And of Dynamics Live CRM SaaS APIs?
Todd Bishop reported today of Microsoft's intended entrance next year into the B2B SaaS market with its announcement at the annual Worldwide Partner Conference in Denver, providing details on pricing and partner revenue-share plans for a hosted service version of Microsoft Dynamics Live CRM:
"Businesses use CRM programs to handle sales, service and other customer interactions. The new "Live" CRM option, to be offered by Microsoft as an online service, is part of its broader effort to expand beyond traditional software licensing into subscription- and advertising-based offerings.
...Microsoft announced plans for a subscription rate of $44 per user each month for the professional version of the new Microsoft Dynamics Live CRM, and $59 for the enterprise version.
Salesforce.com lists prices of $65 for the professional version of its Web-based customer relationship management service, and $125 for the enterprise version. List prices in the online CRM market are commonly in the ballpark of $70 to $100 per user each month, said Liz Herbert, a Forrester Research analyst. "
Phil Wainewright commented on the catching up Microsoft needs to do in this SaaS / CRM space (something I've commented on previously), hence the lower price-point when compared to Salesforce.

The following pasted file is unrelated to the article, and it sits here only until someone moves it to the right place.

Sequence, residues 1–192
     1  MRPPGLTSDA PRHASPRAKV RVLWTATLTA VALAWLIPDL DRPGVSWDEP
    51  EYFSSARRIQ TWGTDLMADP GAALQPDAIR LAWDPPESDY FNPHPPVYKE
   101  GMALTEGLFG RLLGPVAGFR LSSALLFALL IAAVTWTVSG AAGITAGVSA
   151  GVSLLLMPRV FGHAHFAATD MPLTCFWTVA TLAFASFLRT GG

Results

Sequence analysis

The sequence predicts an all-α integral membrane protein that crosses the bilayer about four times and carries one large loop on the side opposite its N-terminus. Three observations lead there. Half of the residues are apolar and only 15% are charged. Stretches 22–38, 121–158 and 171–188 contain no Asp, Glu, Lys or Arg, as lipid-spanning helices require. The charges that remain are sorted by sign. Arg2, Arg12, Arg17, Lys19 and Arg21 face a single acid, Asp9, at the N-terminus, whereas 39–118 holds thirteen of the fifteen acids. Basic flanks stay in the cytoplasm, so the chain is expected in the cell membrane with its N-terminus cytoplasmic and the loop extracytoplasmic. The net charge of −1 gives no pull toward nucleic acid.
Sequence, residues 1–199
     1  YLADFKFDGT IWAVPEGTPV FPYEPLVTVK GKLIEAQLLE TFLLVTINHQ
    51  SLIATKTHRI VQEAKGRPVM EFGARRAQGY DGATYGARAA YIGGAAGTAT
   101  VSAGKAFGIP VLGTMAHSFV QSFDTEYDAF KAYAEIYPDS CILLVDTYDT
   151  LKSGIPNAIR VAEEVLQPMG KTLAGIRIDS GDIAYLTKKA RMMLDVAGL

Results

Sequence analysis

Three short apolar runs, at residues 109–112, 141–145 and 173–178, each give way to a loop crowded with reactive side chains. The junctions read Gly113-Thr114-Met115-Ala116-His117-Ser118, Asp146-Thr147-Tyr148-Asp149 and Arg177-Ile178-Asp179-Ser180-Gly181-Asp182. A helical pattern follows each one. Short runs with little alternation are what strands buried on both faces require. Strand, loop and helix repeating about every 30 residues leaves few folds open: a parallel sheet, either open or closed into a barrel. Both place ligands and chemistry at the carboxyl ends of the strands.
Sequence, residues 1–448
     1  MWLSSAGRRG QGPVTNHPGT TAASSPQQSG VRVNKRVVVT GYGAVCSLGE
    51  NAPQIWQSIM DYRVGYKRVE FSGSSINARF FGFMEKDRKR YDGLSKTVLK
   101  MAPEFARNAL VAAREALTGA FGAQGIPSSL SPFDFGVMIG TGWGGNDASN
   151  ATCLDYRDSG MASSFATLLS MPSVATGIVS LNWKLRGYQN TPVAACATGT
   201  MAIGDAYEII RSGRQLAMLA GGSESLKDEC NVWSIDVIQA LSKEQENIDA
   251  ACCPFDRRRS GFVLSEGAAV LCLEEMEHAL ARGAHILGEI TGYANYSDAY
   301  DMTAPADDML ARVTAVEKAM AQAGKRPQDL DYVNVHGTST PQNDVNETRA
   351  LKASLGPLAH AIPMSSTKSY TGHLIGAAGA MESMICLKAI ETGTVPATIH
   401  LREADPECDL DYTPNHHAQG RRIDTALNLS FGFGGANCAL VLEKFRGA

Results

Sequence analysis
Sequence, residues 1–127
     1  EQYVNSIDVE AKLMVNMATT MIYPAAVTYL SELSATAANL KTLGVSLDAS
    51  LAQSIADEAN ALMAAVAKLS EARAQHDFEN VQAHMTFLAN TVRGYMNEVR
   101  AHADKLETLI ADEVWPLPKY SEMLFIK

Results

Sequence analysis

"Undercutting Salesforce.com is an obvious ploy for Microsoft to attempt with its CRM Live product, so the pricing it announced today shouldn’t come as any big surprise. Salesforce.com has always priced at the high end of what it could get away with, and it’s benefitted from five years of being allowed to get away with it, plowing the proceeds into an astonishing sales and marketing drive that’s blasted revenues past the half-billion dollar a year mark."
Although Microsoft will be offering Dynamics Live CRM at no charge during an early access beta starting this year, it is unlikely they will go "live" until the second half of 2008 (I'm speculating), presumably once the "Windows Live Data Centres" are ready to do so...a brand we are promised we'll hear a lot more of in the future.
Salesforce.com responded. In a phone call with Todd Bishop, VP of Corporate Strategy, Bruce Francis, took a typically aggressive tone (that is, typical of Salesforce.com, not Bruce) in reacting to the news:
"What it looks like is that Microsoft is just marking down an inferior product to what customers are actually paying right now. Also, one thing that I haven't seen is the url where I can sign up for a 30-day trial. ... I know a great multi-tenant on-demand service when I see one, and I see more of them every day. ... We could talk for hours about all the great on-demand services that are out there that I can sign up and use. Where is Microsoft? Microsoft has a price list, not a product."
But where is the news of Dynamics Live CRM web / SaaS APIs? No mention of these anywhere that I've seen, but if Microsoft wants to take on Salesforce.com they'll need a strong story here - the latter has a mature programmable surface today with a fairly healthy ecosystem of developers.
It's one thing to have on-premises software that can be extended and integrated with other software and services through SOAP APIs behind your firewall (Dynamics has a healthy story in this department today), but it is quite another (increasingly necessary) thing to provide APIs as part of a hosted SaaS service. I would have thought the provisioning of SaaS APIs would have been a central component of Microsoft's messaging today so am a little surprised by its omission.